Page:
By AT News Team, Jan. 25, 2015: Last night Edgar Lungu was declared the winner of the presidential election in the central African nation of Zambia, according to the respected international news service Reuters. This means that his leading opponent, Hakainde Hichilema, an Adventist, one of the wealthiest men in the country and an economist by training, has lost the election.
Final results were 801,342 votes (51 percent) for Lungu and 762,861 for Hichilema (49 percent) stated Zambia Reports. There will likely be challenges to the election despite the fact that “observers said [it] was conducted in a fair manner,” according to Reuters. Hichilema met with the Electoral Commission of Zambia and told journalists after the meeting that had urged the commission to delay declaring final results “until all the outstanding issues raised in the meeting are addressed,” said Zambia Reports.
Lungu was the candidate of the Patriotic Front which is aligned with Robert Mugabe, the long-time dictator in neighboring Zimbabwe. Lungu also had the support of former Zambia President Rupiah Banda.
Only a third of the eligible voters turned out in a week plagued with massive rains. The election was scheduled for Tuesday (Jan. 20) and extended to Wednesday and Thursday because of the difficulty of getting ballots to some remote villages. It was a special election called after the death of former President Michael Sata in October to fill out the last year of his term. The new President Lungu has been serving as minister of defense and minister of justice in Sata’s cabinet while Guy Scott, a white settler who was elected as vice president with Sata, has been the interim president.
Hichilema has run for president in three previous elections. He came in third all three times, gaining 25 percent of the votes in 2006, 20 percent in 2008 and 18 percent in 2011. In 2006 he ran as the candidate of a coalition called the United Democratic Alliance, and in 2008 and 2011 he ran as the candidate of the United Party for National Development (UPND).
The UPND party has a symbol that includes an outstretched hand and some have made the allegation that it is related to the Masonic Order. This resulted in a negative reaction among some Adventists in Zambia. A letter by an “Elder Brown Bwalya Chofwe” who identified himself as “a baptized and fully committed member of [the] Seventh-day Adventist church” in the Lusaka Times appealed to Pastor Harrington Akombwa, the denomination’s top official in the country as president of the Zambia Union Conference, to stay out of the election campaign. The basis of the complaint, according to the writer, was news reports that “Adventists are offended” by allegations that Hichilema “is a Satanist.”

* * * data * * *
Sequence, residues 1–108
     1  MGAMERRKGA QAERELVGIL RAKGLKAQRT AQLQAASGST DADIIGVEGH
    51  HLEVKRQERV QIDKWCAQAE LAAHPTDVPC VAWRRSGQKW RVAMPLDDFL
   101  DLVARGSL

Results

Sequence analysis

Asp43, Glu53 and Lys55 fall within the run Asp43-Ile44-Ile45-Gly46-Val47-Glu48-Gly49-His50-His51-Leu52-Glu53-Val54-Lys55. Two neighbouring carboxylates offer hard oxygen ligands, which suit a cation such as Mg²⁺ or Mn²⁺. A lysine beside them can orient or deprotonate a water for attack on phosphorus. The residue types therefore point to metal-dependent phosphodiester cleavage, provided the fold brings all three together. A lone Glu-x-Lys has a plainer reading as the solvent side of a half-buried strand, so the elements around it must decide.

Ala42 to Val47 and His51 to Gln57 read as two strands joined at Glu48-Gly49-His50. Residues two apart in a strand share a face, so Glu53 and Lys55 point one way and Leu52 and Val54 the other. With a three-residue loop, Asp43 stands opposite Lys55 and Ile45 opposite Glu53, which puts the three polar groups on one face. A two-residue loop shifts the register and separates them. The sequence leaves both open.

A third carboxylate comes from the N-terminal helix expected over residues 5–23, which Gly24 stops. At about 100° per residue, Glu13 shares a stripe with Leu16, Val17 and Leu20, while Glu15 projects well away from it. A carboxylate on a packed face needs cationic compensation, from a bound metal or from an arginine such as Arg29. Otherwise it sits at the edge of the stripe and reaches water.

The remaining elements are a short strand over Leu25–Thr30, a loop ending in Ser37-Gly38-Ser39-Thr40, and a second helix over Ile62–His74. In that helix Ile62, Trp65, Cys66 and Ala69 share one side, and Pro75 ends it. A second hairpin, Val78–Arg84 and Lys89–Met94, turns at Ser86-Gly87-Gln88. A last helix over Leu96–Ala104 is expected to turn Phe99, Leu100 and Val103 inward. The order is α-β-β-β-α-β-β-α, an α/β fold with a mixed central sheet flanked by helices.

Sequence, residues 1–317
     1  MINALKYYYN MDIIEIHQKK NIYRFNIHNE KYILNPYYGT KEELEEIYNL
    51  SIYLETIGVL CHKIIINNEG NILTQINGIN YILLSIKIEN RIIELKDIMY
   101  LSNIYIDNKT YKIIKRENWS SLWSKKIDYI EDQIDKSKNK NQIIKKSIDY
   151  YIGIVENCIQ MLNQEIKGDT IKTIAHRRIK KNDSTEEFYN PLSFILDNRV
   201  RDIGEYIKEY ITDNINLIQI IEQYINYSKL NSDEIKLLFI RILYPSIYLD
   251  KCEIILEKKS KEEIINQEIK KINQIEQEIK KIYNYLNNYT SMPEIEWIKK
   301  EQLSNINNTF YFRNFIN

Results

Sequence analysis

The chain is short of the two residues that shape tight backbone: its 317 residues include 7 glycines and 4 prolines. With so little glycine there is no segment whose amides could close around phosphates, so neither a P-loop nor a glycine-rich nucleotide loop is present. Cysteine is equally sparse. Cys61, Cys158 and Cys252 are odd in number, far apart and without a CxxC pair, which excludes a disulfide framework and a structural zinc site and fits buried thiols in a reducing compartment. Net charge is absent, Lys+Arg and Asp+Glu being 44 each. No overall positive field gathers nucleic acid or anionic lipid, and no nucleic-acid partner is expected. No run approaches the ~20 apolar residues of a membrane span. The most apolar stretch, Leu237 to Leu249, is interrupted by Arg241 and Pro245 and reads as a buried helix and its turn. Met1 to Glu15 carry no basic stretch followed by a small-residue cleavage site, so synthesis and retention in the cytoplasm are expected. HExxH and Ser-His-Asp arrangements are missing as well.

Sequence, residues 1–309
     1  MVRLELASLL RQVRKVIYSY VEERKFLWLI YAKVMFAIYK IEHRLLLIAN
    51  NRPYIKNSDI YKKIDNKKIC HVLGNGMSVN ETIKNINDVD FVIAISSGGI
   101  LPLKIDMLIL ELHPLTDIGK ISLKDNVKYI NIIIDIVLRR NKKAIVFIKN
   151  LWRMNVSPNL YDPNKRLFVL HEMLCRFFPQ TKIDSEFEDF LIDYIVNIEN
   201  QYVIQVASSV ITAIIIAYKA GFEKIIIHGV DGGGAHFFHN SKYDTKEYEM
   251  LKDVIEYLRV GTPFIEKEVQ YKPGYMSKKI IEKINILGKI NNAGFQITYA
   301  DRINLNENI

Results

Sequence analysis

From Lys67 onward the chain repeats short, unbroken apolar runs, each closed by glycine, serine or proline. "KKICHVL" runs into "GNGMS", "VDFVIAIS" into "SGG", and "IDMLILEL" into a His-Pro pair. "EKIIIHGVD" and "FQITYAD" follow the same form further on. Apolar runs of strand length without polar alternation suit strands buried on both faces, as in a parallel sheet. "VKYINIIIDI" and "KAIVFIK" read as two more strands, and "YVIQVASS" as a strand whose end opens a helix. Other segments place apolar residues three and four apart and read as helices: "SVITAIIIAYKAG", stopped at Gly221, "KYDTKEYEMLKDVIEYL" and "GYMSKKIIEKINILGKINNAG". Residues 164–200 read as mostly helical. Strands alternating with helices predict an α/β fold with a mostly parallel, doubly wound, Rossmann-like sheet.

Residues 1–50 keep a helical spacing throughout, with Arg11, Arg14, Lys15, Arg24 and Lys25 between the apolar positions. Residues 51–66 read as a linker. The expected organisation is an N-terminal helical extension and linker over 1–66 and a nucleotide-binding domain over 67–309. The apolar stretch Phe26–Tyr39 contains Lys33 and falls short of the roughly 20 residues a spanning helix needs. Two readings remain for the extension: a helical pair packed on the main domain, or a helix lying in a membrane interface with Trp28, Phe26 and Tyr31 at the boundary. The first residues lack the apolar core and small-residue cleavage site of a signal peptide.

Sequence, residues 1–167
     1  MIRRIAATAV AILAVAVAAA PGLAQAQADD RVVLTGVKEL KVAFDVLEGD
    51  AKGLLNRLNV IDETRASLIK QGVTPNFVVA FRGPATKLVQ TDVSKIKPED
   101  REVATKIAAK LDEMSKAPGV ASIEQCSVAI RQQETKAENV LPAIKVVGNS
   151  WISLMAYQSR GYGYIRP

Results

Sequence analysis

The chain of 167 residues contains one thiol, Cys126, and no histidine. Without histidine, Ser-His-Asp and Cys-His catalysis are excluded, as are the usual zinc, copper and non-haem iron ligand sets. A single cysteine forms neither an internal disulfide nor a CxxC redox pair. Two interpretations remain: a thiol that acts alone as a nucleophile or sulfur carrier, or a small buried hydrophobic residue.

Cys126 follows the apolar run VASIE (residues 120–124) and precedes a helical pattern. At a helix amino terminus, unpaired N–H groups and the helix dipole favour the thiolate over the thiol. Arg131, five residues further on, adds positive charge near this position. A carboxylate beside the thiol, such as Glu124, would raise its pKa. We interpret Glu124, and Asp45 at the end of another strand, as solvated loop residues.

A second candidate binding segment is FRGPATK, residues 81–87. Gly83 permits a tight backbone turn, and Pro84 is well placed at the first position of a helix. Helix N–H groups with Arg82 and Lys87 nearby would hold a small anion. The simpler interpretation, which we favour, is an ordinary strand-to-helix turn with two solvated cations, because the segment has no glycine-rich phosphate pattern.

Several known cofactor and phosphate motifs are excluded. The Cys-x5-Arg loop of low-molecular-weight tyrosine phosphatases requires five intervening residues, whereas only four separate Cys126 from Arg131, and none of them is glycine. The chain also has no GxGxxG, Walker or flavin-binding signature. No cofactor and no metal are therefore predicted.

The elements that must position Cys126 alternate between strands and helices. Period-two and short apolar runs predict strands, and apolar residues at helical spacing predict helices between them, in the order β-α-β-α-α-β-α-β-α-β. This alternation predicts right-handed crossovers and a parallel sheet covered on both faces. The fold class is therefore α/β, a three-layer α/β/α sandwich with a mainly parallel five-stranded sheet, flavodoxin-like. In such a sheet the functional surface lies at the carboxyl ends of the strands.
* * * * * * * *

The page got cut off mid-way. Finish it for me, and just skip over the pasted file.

Chofwe wrote that he “found it gross that the whole church management spent its precious time … to get involved into issues of politics.” He also wrote that “the church has no legal right to prove that HH is not a Satanist or Masonic.” It is unclear if the writer’s use of the title “Elder” is a reference to a clergy role or that of a local elder. No one by that name is listed in the Seventh-day Adventist Yearbook but because that reference work no longer includes Licensed Ministers that is not complete proof as to the writer’s status.
Zambia Reports published an opinion piece on January 16 by a Zambian living and working New York City which stated that “the Seventh-day Adventist Church in Zambia is poised to drop … HH as an elder” because “some members believe that HH’s continued stay as an elder in the church whilst carrying an alleged satanic freemason tag will have severe repercussions on the Church and its outreach.”
The article pointed out that the Adventist faith “is one of the largest Churches in Zambia.” It also stated that “Zambians do not take satanism or Freemasonry easily, especially the Pentecostals who happen to be one of the strongest voting blocs.” It described Hichilema as “standing against the … Christian candidate … Lungu” and stated that he “has not come out in the open except to say that he doesn’t know who the freemasons are.”
The campaigns have been ongoing in Zambia since November 14 last year and evidently created considerable discussion among Adventists and about the Adventist connection of the man who ends up being the number two candidate. Adventists in the United States may be faced with a similar situation in 2016 if Dr. Ben Carson, an Adventist physician, is nominated by the Republican Party, although the issues will be entirely unlike those mentioned above.